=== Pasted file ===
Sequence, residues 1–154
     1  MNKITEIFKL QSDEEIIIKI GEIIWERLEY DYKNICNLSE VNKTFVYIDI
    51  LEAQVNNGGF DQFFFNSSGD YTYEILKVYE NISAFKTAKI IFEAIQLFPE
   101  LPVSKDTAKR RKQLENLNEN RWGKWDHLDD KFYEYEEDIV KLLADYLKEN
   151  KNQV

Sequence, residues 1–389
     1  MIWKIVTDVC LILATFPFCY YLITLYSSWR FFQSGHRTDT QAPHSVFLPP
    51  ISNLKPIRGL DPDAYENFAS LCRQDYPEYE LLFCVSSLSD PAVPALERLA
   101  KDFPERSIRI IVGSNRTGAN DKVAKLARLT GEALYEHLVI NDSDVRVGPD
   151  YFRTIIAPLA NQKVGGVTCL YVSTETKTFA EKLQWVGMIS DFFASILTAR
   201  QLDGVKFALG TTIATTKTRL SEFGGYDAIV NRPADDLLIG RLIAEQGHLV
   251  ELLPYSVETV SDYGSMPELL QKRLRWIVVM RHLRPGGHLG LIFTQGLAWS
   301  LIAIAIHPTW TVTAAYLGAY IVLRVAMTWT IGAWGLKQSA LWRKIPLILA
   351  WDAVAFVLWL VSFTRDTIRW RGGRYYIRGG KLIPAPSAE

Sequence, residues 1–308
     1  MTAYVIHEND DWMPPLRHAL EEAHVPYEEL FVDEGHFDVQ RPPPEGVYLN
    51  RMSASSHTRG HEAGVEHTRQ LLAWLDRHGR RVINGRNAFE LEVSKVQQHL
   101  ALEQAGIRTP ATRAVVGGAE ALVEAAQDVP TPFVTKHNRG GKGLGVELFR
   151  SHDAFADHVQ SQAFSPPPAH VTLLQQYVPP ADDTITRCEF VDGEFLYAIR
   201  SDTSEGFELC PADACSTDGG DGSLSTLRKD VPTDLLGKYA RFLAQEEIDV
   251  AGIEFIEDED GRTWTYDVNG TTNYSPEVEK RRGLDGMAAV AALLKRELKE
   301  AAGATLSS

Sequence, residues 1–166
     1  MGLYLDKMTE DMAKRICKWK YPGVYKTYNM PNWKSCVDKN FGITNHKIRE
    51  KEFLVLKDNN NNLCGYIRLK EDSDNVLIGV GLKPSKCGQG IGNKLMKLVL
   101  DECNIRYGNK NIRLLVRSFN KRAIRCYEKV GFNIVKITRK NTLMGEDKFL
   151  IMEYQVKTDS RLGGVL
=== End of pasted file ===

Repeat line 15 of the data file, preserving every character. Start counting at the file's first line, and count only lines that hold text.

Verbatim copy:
Sequence, residues 1–308